client makes a connection to site B, it doesn't run anything by site A
    again, so what could A do to spoof the header as it appears to site B? The
    connection between the client and A is over.. and I don't think A can tell
    the browser it's at a different site - any method I can think of to do that
    redirects the browser. That's why I thought it might be a task more
    related to javascript than any server side application.
     
    Rod Hilton, Oct 10, 2004
    #7
  8. Rod Hilton

    Lee Guest

    Rod Hilton said:
    >
    >John Bokma <> wrote in
    >news:Xns957D955D876BEcastleamber@130.133.1.4:
    >
    >> Can you send the headers? If you can, you can send anything you want.
    >> Including a spoofed header.

    >
    >Well, you could have the PHP script send a different location header, but
    >that would actually redirect the browser. What I'm saying is, when the
    >client makes a connection to site B, it doesn't run anything by site A
    >again, so what could A do to spoof the header as it appears to site B? The
    >connection between the client and A is over.. and I don't think A can tell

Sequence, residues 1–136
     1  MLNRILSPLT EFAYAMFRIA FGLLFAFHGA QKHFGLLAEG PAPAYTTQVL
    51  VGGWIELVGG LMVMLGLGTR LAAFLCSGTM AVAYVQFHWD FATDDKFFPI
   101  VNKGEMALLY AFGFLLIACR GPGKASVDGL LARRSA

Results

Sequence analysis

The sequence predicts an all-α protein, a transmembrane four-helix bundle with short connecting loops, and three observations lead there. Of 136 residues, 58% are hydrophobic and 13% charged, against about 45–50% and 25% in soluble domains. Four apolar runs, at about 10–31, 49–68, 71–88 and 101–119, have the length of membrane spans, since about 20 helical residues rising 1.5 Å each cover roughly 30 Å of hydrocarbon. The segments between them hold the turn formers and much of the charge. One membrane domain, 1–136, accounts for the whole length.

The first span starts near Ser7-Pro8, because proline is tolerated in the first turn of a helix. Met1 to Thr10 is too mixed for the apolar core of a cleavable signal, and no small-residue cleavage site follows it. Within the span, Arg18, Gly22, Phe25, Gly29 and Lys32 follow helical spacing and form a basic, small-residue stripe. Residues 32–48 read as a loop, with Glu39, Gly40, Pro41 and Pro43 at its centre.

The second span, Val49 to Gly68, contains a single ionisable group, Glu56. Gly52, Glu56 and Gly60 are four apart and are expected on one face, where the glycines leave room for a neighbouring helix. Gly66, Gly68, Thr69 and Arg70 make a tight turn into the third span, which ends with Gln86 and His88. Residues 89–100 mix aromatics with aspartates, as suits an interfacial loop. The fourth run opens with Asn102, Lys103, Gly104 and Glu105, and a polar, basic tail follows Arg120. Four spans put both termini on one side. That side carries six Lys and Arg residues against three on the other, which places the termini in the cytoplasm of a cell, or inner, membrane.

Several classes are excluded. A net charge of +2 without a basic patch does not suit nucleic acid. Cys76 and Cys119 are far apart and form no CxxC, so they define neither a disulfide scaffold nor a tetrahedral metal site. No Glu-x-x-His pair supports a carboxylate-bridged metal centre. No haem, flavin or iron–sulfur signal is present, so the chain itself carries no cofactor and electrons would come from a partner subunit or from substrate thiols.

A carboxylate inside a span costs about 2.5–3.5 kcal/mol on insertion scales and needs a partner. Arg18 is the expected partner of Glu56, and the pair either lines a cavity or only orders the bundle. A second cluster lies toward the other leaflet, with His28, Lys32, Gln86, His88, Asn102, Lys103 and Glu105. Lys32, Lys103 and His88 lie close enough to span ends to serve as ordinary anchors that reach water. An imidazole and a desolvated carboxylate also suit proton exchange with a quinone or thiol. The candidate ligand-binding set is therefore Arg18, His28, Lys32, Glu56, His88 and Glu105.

>the browser it's at a different site - any method I can think of to do that
    >redirects the browser. That's why I thought it might be a task more
    >related to javascript than any server side application.


    The client connects to a PHP page on server A, which sends spoofed header
    information to server B, recieves the HTTP response, and sends that response to
    the client.
     
    Lee, Oct 10, 2004
    #8
  9. Rod Hilton

    Jim Ley Guest

    On 8 Oct 2004 14:36:40 -0700, Lee <> wrote:

    >Rod Hilton said:
    >
    >>The referrer is stored in the browser, so I imagine there has to be some
    >>way to spoof a referrer using javascript. Any ideas?

    >
    >That's an odd thing to imagine. There are far more things
    >stored in the browser that are not available to script than
    >are available.


    the XML HTTP Request Object lets you set any header, including the
    Referrer of course.

    Jim.
     
    Jim Ley, Oct 10, 2004
    #9
  10. Rod Hilton

    John Bokma Guest

    Rod Hilton wrote:

    > John Bokma <> wrote in
    > news:Xns957D955D876BEcastleamber@130.133.1.4:
    >
    >> Can you send the headers? If you can, you can send anything you want.
    >> Including a spoofed header.

    >
    > Well, you could have the PHP script send a different location header,
    > but that would actually redirect the browser. What I'm saying is,
    > when the client makes a connection to site B, it doesn't run anything
    > by site A again, so what could A do to spoof the header as it appears
    > to site B? The connection between the client and A is over.. and I
    > don't think A can tell the browser it's at a different site - any